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Would you believe me if I told you that I limewashed my brick ranch exterior for under $30? Well, now you would, but it’s not something you would think is possible at first, right?
I was the same way.
Okay, a little storytime.
If you saw my exterior vision post then you would know that I was not crazy about my brick and I wanted to change it. But at the same time, I didn’t. So much work. So expensive. Blaaghh. I tried to photoshop different color combos using my original brick and “trick” myself into liking it. But, it just couldn’t be done. I’m so dramatic, I know…
I’m not someone that thinks every brick needs to be painted, by the way. Brick is beautiful, yet there are colors that are more beautiful than others. I personally would probably hesitate before painting historic brick, but a 60’s ranch with ugly brick? Sure thang!
Still though, it’s a big decision! But I told myself that if white brick is the dream, then I just gotta do it and I gotta do it now. Because I’d hate to hem and haw for 3 years deciding if I should change it or not and then change it, love it, and realize I wasted so much time worrying about it and I could have been loving my house this whole time!
Sidenote: sometimes I think you do need to wait for things you’re unsure about. But sometimes, you just know…
Once I decided to go forth with “painting” it, I was pretty set on using Romabio paints. I had discovered them when I was researching painting our 1st brick home (we never got around to it) and I liked that the paints were made for brick/stone and would actually help the brick, not hurt it.
Just as I was about to hit “checkout” (not really, but it sounds more dramatic), I came across a blog post of a woman that painted her house for $10 using limewash! (Can’t find that post now…)
Color me intrigued. If I could save $500-$1000 then it’s worth looking into, right?
Since I never really said what limewashing is, here goes!
What is limewash? Also called whitewashing, limewash is a mineral-based powder made from limestone that when mixed with water, becomes “paint”. It dates back to Roman times and originated from Europe. It’s legit…it’s the OG!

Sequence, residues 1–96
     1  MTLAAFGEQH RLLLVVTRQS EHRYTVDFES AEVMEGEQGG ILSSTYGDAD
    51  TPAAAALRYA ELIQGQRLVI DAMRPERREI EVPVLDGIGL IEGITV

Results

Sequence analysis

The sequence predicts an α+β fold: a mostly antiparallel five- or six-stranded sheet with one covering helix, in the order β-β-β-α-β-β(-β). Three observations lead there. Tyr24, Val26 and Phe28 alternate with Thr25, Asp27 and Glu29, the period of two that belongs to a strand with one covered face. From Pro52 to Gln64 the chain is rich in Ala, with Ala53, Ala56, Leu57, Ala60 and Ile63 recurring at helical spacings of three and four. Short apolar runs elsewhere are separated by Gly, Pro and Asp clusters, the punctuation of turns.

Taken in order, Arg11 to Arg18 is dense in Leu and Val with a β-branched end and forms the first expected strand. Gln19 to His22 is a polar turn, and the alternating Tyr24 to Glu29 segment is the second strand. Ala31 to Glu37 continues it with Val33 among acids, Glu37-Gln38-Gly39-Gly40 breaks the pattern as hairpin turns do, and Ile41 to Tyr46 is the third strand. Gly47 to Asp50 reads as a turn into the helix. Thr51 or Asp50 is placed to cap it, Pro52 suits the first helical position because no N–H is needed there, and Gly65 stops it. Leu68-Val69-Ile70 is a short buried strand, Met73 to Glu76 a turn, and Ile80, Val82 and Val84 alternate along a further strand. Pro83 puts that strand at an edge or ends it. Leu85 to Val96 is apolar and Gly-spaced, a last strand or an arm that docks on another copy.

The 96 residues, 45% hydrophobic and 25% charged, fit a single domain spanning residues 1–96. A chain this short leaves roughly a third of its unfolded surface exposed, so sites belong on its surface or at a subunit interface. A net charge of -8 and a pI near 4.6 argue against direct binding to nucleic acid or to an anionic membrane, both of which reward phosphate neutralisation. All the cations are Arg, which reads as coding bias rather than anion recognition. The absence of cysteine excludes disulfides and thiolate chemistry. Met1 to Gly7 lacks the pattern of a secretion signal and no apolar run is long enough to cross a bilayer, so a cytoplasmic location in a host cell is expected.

Why should you use limewash? It’s environmentally friendly…all natural with no hazardous chemicals! It gets better with time and if you’re going for the old-world European look, then it’s perfect. It’s bacteria resistant and unlike paint which can harm your brick, limewash actually protects it. Over time it will fade, but it won’t chip or peel because it doesn’t sit on top of the brick. Plus, it’s super affordable (if you make it yourself).
You can buy limewash (like going with Romabio) or you can make your own…that’s what we did and honestly, you can’t beat the price. You need hydrated lime and water. That’s it. Hydrated lime is about $9 a bag and it’s in the concrete section of your home improvement store. Not the garden center! We needed two bags for our 2700 square foot home. Oh, and we got a masonry brush for around $8.
You might not even need two bags though. I’ve read about people only using one! The powder stretches because it gets mixed with water and you can decide your consistency and how light/thick you want it to be. It all depends on how you want it to look! We used more because I did not like the orange and black brick and didn’t want it peeking through, but if you just want to tone down a bold color you could brush it on pretty lightly.
*take proper safety precautions and protect your eyes and hands*
We started off by doing a test spot in the back and unfortunately, that didn’t really help me decide if I liked it or not haha.
We added salt to the test mix (I read to do that somewhere) and it dried grainy and yellow, so we would not recommend doing that.
Since it was hard to tell if I liked it on the back of the house or not, we decided to be brave and test right next to the front door.